Huishan clay figurines mimic daily life’s vitality

By By Wang Meishi / 01-15-2015 / (Chinese Social Sciences Today)

Huishan clay figurines of “tetrapod” enabled people to express their auspicious wishes for a happy life.


Produced in Wuxi, Jiangsu Province, Huishan clay figurines have been listed as a national intangible cultural heritage since 2006. During the Ming and Qing dynasties (1368-1911), clay figurines emerged as popular folklore products in the southern reaches of the Yangtze River.

Huishan clay figurines come in various forms, such as molded coarse clay and handcrafted fine varieties. During the Ming and Qing dynasties, Huishan clay figurines served as important auspicious blessings, gifts and toys that were a vital component of leisure time for ordinary people.

With regard to traditional uses and styles, Huishan clay figurines are divided into two broad categories—traditional toys and artistic works. Traditional toys are generally of the molded coarse clay variety. The servants who guarded the ancestral temple were responsible for making most of these toys, which were given to children so that they would have something to play with while grand ancestor worship ceremonies were held in the temple.

The most well-known type among the molded coarse clay figurines is the Da A Fu series, depicting a plump boy holding a fish or a peach. For example, Tuan A Fu, Xiao Hua Nan, He Ye Nan and other chubby children with smiling faces that make up the Da A Fu series are famous for their innocent, honest and naive expressions.

In addition, there are animal series and vehicle series. Animal figurines are made in the shapes of cats, roosters, oxen and others.

The vehicle figurines are tied with to a string, allowing the children to drag the string to make the vehicles move. In ancient times, most of these vehicle figurines were crafted in the shape of the person who scored highest on the feudal imperial examination, which enabled children to recreate the scene of that person parading through the streets in celebration. These three types of clay figurines were mainly made from molds, so they were easy to reproduce.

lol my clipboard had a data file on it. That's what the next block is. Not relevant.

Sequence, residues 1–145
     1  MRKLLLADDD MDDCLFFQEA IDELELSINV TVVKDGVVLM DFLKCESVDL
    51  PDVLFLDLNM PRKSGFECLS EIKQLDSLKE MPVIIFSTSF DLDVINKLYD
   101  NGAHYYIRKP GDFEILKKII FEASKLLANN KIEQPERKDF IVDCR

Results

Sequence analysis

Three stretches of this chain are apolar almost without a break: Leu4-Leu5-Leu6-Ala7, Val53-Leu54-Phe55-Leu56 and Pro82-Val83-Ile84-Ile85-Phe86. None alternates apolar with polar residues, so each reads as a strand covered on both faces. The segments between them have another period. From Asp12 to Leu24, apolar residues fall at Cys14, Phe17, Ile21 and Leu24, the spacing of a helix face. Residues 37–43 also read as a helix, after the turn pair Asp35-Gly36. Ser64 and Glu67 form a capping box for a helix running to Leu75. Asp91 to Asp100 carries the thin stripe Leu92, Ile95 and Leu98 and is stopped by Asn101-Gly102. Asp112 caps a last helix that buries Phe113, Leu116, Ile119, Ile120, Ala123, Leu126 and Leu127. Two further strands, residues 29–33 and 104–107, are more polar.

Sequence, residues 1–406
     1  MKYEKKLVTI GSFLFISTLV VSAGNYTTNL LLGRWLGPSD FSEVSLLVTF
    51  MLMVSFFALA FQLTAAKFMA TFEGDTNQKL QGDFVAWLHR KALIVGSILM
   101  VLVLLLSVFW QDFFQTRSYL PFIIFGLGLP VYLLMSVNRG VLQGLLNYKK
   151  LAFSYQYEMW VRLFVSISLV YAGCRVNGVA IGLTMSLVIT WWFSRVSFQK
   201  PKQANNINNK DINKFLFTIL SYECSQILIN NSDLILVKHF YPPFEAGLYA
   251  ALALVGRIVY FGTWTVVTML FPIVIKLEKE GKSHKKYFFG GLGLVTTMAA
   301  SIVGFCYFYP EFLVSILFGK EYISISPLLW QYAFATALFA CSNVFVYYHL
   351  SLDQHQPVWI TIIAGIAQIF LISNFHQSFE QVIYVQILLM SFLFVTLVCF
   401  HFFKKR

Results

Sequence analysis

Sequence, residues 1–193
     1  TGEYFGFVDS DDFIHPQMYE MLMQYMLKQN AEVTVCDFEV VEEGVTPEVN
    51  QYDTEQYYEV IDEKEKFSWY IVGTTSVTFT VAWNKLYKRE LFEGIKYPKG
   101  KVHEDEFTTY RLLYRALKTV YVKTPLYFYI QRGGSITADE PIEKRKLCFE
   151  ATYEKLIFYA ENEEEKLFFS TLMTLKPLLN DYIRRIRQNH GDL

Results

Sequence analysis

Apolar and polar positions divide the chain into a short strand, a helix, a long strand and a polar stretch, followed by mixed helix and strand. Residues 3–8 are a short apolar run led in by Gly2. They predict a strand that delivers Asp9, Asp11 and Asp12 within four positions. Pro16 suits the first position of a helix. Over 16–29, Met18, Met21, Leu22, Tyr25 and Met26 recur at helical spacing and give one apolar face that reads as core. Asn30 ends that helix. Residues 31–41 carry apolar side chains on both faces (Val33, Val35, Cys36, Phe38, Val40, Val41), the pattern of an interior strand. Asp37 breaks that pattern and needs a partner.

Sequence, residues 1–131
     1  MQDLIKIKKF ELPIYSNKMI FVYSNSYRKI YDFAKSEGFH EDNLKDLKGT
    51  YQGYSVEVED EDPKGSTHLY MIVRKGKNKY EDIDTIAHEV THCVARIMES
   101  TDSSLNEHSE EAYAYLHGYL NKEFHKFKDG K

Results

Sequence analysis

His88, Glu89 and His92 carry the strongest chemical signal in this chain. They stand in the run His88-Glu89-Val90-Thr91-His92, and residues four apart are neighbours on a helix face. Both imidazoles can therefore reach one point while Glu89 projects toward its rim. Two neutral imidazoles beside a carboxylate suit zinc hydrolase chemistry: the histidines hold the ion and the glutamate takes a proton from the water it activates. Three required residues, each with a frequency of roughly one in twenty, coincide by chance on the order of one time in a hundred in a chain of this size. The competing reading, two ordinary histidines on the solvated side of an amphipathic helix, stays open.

As Kunqu opera and Peking opera grew in popularity during the Ming and Qing dynasties, opera characters increasingly became a subject of public fascination. Though operas were not performed every day, the clay figurines of opera characters satisfied people’s cultural demands and enabled them to appreciate the beauty of opera in their daily lives. That explains why a number of handmade opera clay figurines were fabricated in Huishan at that time.

Another type of Huishan clay figurine is called “tetrapod,” which mimics a person riding on an ox, horse, Kylin or other auspicious animal with four feet. Folk people place their best wishes for living longer, bearing children, enjoying good harvest, and passing the fedual imperial examination on these caly figurines.


Wang Meishi is from the Nanjing Museum.